Afraid that Shiva will discover the truth about their parentage, Saleem bans him from the children’s conference. Meanwhile, Ahmed, distraught over what has happened, drunkenly berates his wife. Reverend Mother advises Amina to take her two children away from Ahmed, so Amina, Saleem, and the Brass Monkey move to Pakistan to live with Emerald and General Zulfikar. At the general’s opulent house, Emerald and the general treat Saleem and his family worse than the general’s mine-sniffing dog, Bonzo. Once in Pakistan, Saleem finds himself unable to communicate with the other children.
One evening, General Zulfikar hosts an important dinner, attended by many high-ranking military officials. During the dinner, the general allows his son, Zafar, and Saleem to join the men at the table. The commander-in-chief of the army, General Ayub, declares that the government has failed and announces his plans to take over Pakistan. When Ayub decrees a state of martial law, Zafar—who has a tendency to wet his pants—gets frightened and has an accident. General Zulfikar chases his son out of the room, then asks Saleem to come help him. Saleem helps the officers map out their strategy, using pepperpots and other condiment jars to symbolize troop movements. On November 1, General Zulfikar takes Saleem to the president’s house, where Saleem watches as the general forces the naked president out of bed and onto a plane.
Saleem and his family stay in Pakistan for four more years, during which time he becomes a teenager and his sister grows increasingly devout, falling under the country’s religious spell. Relationships between India and Pakistan deteriorate. Along the Indian-Chinese border, skirmishes arise.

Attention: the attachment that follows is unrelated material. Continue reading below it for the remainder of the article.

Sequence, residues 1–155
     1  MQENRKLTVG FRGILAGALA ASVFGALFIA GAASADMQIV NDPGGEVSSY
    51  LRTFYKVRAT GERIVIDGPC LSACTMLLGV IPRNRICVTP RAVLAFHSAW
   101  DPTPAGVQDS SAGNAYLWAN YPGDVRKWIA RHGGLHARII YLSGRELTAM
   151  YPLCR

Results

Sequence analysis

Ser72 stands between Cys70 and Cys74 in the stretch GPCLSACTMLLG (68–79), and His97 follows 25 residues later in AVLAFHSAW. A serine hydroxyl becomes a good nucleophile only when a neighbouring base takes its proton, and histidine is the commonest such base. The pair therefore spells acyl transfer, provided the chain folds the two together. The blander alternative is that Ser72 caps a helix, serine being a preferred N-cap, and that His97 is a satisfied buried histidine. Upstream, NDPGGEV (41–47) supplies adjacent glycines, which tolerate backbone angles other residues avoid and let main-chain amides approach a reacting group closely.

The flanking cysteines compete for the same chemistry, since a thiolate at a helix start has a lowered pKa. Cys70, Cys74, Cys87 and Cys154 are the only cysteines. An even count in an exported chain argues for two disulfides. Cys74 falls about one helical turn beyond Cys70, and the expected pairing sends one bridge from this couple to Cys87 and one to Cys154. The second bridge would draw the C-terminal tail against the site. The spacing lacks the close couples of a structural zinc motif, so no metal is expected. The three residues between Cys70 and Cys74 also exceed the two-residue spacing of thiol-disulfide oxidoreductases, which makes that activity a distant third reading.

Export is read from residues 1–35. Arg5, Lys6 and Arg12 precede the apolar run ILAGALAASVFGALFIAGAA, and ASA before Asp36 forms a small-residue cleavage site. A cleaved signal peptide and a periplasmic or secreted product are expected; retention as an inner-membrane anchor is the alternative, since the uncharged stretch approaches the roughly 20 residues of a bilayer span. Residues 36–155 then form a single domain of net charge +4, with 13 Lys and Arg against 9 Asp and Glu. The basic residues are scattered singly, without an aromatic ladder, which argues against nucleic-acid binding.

On her fourteenth birthday, the Brass Monkey sings, astonishing everyone with her beautiful voice. Everyone begins referring to her as Jamila Singer, and Saleem acknowledges that from then on he would always take second place to her.
With the revelation of Saleem’s true parentage, the action of the story begins to mimic the style of the narration. Rather than describe his life in a linear, straightforward fashion, Saleem chooses to skip back and forth in time, hashing up and then reassembling his biography in order to reveal connections that might have otherwise gone unnoticed. In this way, Saleem does more than just recount his life story: he draws attention to particular themes, motifs, and patterns, thereby shaping his story and giving it meaning. When Mary Pereira reveals the truth about Saleem’s birth, the characters experience a similar time warp, as the past forcefully asserts itself on the present. History is never dead, as we have seen throughout the novel. History not only repeats itself, but it also comes back—sometimes, literally back from the grave—to destroy the illusions of the present. Midnight’s Children, with its tangled, circuitous chronology, to some degree, attempts to destroy the illusions of time itself.